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What I am asking about is the final coat using the pellets. If you use the standard dip it has almost a pint of acetone in it. Like the post above mentioned this is a paint remover. The dip works for foam and wood don't use it for a plastic lure or you will get a sticky mess.

If I cut back the acetone will it make a mix that is simular to epoxy that can be brushed on and not eat the paint?

skeeter if you use acrylic paints &heatset them with a hairdryer you dont have to worry about making a mess of your paintjob

It can be used on some plastic lures too .I have used it to smoothen out bodies on old Storm thundersticks with no problems at all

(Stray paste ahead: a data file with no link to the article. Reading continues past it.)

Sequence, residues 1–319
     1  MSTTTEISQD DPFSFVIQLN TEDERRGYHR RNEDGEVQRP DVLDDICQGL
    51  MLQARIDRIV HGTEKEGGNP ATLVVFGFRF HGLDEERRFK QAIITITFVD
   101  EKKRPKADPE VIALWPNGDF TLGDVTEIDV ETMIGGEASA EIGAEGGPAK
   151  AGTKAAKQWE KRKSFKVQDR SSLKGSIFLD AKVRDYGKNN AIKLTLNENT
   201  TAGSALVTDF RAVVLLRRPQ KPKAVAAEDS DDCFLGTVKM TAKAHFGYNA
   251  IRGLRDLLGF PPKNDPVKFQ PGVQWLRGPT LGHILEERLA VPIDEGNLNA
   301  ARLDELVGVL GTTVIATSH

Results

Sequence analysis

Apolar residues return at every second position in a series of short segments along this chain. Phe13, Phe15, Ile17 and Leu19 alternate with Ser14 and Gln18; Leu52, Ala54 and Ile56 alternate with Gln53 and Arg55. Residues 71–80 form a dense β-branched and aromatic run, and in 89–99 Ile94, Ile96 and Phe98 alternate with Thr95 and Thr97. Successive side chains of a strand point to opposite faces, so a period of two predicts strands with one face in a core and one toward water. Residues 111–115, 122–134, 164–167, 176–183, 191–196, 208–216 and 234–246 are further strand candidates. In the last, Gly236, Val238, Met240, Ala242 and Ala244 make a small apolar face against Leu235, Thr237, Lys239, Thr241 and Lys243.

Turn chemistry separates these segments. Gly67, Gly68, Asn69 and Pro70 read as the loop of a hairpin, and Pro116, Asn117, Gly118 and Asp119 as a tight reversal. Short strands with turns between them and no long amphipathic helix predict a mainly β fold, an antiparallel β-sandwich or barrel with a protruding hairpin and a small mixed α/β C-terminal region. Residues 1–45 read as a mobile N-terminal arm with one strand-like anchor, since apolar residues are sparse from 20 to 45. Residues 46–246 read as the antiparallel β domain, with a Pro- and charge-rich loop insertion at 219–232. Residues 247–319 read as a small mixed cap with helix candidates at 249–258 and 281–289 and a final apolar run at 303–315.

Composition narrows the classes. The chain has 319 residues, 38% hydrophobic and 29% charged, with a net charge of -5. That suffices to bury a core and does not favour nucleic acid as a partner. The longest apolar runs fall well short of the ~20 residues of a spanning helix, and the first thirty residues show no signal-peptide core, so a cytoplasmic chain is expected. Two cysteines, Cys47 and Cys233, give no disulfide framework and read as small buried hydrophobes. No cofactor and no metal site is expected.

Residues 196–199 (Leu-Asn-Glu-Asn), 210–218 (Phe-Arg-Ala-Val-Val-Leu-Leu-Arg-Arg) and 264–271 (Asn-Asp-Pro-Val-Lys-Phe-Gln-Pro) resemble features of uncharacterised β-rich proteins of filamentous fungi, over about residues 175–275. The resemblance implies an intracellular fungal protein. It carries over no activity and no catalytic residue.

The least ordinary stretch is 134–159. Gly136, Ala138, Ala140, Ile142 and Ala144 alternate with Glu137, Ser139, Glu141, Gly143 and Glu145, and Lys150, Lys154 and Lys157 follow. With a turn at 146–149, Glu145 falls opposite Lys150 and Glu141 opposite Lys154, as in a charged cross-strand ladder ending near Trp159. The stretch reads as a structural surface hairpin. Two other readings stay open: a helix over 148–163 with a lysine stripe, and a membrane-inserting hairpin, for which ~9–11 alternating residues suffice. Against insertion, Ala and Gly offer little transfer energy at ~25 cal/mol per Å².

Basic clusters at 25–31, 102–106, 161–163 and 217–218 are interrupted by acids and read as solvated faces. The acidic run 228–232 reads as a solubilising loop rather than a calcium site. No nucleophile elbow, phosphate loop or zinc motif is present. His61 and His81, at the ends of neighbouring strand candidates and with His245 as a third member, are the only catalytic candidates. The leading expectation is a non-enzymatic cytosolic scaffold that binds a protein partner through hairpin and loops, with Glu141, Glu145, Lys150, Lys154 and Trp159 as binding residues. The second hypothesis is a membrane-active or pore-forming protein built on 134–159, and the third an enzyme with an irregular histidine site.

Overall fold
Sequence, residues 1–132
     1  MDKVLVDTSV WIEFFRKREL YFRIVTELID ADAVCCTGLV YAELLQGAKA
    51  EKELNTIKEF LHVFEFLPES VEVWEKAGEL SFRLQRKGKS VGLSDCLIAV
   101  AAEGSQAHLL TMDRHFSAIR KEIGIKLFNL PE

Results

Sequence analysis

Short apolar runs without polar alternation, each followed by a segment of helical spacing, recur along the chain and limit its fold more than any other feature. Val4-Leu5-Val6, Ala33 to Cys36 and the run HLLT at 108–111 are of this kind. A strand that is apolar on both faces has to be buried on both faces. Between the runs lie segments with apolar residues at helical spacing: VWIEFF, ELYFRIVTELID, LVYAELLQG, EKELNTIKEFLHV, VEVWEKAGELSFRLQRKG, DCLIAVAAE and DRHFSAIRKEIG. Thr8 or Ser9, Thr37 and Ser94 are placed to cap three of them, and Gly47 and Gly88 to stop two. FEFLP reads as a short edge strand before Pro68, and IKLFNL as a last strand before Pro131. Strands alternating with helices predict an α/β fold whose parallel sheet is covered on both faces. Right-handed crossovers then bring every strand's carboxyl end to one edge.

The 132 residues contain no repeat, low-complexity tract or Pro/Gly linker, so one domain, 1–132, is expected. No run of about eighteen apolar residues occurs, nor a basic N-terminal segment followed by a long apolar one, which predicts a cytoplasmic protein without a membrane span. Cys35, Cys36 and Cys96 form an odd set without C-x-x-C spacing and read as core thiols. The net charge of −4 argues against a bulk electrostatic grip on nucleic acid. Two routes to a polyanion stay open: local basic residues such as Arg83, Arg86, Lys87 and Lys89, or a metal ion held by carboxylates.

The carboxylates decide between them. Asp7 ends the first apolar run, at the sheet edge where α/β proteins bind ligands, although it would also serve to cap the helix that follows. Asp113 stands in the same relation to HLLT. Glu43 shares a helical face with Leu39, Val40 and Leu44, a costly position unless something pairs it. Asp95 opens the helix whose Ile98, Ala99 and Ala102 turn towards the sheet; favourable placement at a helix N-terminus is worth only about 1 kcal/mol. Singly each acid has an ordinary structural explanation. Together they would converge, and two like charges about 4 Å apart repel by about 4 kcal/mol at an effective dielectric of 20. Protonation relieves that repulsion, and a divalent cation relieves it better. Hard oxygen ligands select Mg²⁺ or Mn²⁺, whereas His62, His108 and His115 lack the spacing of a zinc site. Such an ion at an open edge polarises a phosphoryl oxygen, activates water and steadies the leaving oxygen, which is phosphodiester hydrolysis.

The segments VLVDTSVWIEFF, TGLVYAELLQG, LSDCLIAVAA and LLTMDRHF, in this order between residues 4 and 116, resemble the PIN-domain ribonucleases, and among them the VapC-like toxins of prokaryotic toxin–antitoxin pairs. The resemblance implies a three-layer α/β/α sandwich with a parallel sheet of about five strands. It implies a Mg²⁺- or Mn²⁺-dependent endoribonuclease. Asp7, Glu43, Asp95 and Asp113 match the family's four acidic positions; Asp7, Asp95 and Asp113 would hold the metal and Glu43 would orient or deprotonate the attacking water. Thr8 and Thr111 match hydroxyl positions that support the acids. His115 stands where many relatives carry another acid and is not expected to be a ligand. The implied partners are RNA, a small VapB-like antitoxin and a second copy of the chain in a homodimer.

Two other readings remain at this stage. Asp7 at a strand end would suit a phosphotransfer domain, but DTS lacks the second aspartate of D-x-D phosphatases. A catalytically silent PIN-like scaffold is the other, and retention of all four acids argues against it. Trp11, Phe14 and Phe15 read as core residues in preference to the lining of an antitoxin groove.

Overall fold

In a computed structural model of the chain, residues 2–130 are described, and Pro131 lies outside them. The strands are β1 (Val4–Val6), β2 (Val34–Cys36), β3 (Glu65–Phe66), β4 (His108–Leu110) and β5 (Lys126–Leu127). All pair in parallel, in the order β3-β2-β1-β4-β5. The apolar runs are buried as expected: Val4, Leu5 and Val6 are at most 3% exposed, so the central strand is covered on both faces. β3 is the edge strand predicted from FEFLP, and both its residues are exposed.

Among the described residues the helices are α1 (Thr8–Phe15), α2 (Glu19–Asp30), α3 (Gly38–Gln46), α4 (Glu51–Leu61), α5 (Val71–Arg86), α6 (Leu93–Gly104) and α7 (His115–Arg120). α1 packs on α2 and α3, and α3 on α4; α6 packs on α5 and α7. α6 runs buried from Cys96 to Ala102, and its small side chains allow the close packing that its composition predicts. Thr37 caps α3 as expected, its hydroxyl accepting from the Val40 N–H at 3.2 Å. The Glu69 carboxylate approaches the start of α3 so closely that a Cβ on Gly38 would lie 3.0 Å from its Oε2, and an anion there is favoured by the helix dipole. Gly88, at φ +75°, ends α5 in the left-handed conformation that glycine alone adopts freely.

many older lures was "welded" by using acetone on bodyhalves & quick dip wont affect it at all since its been cured for long time

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I just bought some off of Swede and i just want to say he has been MORE then helpful explaining all the ins and outs of prop pellets. If you are really interested in persuing this proccess i'd give Swede a holla' :)

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A simple search on any popular search engine for Propionate Sealer help you find a local source for Propionate. This is what it looks like.

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Propionate Wood Penetrating Sealer and Base Coat

Items needed to start

  • Propionate pellets
  • Acetone (or Virgin Lacquer Thinner, not recommended)
  • (2) 16 oz. glass jars with wide mouths. (Mason jars work good)
  • Clip hangers and hanger rack for drying

Steps to make and use propionate as a Penetrating Sealer/Base coat

  • Jar 1 needs approximately 1 oz. of pellets and jar 2 needs approximately 2 oz. of pellets in the bottom.